Latrine shortage could worsen public health in Haiti, UN agency says

Haitians build temporary homes in Port-au-Prince

9 February 2010 – Sanitation has become a pressing need in Haiti and the lack of it could pose health problems for the nearly 1 million people living in temporary settlements ahead of the rainy season, United Nations officials warned today.

“Some 18,000 latrines are needed in Port-au-Prince for 900,000 people. Less than 5 per cent of the need for latrines has been met,” Paul Garwood, a World Health Organization (WHO) spokesperson in Geneva, told journalists. The need is calculated on the basis of one latrine per 50 people.

There are more than 1.2 million people are living in spontaneous settlements, the Office for the Coordination of Humanitarian Affairs (OCHA) announced today, and nearly 480,000 have left Port-au-Prince for neighbouring areas, putting additional stress on the rural population in those towns to support the displaced persons.

Despite the high numbers of people and the need for greater sanitation, Mr. Garwood noted that there has not been a notable increase in infectious diseases so far. He said that acute respiratory infections are the most commonly reported infectious disease, accounting for up to a quarter of consultations. Diarrhoeal diseases represent up to 12 per cent of cases.

The next serious category is trauma injuries, such as broken bones sustained during the quake. While slowly decreasing, they still account for more than 10 per cent of cases.

Clinics are in need of supplies. UN agencies and donor countries provide medicines to various health partners on a daily basis through a large-scale coordinated effort run out of Haiti’s pharmaceuticals hub in Port-au-Prince known by its acronym PROMESS (Program on Essential Medicine and Supplies). The warehouse was recently reorganized to make it more effective.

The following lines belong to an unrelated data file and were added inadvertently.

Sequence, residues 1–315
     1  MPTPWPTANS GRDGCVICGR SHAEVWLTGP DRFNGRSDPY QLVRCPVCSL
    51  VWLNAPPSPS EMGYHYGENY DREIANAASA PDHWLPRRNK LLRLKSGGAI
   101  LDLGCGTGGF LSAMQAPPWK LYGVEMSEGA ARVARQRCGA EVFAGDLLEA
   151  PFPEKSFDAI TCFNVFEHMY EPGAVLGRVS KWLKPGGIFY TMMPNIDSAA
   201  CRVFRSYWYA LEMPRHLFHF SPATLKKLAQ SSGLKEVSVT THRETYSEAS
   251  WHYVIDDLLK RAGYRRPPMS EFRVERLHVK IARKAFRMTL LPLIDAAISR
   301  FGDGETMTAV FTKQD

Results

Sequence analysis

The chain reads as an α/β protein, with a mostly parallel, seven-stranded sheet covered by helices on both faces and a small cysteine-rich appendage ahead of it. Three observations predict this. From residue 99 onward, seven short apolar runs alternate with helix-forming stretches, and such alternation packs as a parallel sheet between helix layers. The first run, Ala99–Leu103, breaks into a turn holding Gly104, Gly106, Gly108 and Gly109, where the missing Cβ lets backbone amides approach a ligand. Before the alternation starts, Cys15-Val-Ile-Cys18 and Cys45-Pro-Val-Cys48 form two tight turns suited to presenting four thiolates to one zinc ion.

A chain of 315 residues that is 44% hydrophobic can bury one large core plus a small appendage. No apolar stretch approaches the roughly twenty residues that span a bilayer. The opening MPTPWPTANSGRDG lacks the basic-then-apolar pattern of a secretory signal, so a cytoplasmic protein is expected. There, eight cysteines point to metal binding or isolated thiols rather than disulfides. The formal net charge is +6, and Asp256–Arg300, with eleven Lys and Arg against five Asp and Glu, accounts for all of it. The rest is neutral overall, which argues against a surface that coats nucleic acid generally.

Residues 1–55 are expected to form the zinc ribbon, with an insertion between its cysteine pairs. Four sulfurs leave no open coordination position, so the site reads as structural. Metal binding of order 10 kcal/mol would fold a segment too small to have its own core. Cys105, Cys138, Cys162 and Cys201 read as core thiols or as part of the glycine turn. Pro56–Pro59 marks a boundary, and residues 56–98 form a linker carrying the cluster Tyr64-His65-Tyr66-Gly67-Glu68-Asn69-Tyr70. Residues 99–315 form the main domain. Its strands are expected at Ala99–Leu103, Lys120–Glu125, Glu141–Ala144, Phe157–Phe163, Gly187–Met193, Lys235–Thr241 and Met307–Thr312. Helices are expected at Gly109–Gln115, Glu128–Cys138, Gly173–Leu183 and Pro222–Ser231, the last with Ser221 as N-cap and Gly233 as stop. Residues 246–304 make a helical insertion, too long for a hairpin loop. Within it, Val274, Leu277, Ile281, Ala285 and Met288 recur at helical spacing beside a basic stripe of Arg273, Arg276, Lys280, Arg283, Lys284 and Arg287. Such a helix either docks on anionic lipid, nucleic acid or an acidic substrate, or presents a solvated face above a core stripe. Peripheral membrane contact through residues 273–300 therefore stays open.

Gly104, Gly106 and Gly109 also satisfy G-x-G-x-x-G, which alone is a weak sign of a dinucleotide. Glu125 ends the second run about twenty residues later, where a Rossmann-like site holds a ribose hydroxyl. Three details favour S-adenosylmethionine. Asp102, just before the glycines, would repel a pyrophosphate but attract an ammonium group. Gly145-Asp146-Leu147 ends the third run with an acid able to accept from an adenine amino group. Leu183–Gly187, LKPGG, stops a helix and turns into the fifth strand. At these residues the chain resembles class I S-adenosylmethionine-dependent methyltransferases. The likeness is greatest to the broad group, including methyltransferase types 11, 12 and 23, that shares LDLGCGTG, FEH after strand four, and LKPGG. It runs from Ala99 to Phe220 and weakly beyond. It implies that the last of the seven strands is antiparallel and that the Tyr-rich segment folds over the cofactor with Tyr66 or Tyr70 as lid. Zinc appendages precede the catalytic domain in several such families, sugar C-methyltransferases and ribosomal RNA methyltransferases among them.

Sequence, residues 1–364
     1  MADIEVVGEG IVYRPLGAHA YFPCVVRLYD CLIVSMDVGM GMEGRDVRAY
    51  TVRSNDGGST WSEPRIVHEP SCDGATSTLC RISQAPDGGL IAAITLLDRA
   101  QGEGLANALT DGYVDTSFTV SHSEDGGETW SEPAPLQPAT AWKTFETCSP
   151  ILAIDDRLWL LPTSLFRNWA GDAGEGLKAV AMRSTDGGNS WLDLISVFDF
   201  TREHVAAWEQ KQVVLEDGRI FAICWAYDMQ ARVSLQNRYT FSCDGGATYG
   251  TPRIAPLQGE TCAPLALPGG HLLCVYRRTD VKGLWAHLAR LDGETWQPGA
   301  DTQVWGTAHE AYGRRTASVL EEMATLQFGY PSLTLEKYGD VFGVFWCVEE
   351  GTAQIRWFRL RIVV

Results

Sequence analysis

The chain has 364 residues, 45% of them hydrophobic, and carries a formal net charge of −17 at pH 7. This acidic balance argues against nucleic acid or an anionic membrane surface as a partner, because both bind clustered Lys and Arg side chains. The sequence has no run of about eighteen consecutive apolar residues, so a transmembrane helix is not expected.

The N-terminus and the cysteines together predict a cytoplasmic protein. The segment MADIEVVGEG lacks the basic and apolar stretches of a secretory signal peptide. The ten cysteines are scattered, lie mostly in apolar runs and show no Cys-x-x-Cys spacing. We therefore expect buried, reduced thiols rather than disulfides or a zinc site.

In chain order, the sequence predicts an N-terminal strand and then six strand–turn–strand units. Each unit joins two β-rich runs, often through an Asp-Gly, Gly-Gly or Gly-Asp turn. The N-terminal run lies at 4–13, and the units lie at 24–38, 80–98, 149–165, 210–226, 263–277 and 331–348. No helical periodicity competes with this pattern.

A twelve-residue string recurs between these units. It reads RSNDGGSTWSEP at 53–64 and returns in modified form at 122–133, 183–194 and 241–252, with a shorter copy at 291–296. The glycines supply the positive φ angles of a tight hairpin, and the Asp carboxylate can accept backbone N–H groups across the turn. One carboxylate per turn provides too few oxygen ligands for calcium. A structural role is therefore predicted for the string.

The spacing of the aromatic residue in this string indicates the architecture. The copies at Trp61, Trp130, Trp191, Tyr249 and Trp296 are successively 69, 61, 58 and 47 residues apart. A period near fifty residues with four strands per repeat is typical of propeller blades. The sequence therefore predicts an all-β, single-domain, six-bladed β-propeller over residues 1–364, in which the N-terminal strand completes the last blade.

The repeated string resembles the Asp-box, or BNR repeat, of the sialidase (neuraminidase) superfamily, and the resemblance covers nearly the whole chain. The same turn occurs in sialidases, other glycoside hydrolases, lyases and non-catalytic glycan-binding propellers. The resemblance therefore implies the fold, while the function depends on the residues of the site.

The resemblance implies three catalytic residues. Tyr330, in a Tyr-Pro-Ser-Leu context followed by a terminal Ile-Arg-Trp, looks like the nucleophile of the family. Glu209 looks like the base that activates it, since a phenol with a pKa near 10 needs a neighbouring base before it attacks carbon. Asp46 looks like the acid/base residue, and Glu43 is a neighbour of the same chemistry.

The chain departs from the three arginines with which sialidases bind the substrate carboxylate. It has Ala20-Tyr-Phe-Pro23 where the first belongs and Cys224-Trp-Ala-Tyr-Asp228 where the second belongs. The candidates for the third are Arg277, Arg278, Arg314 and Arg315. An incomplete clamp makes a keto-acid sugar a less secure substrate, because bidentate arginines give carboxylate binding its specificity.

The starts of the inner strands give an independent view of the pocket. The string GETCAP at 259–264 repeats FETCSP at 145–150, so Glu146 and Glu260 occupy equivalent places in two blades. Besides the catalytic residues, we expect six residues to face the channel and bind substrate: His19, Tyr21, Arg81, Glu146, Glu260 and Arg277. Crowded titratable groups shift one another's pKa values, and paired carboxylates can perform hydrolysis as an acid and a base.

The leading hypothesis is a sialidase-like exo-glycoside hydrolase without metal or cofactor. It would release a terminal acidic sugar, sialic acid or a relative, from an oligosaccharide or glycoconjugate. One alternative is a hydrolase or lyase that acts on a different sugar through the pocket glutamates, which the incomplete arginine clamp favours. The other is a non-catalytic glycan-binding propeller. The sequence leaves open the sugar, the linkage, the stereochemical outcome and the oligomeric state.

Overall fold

Mr. Garwood said that more than 22 containers with some 200 types of medical supplies have now arrived. The containers also included 1,000 beds, more than 200 stretchers and other items such as wheelchairs, crutches, bed sheets, blankets and pillows.

Outside of Port-au-Prince, more than 1.5 tons of essential drugs were delivered this month to Les Cayes, Jérémie, Port-de-Paix and Gonaïves. WHO is expected soon to send basic emergency medicines that can treat 705,000 people for the next month.

UN officials are concerned about the rainy season that is due to start in April. Mr. Garwood warned that the rains could increase morbidity rates for childhood diseases, such as acute respiratory infections and diarrhoea.

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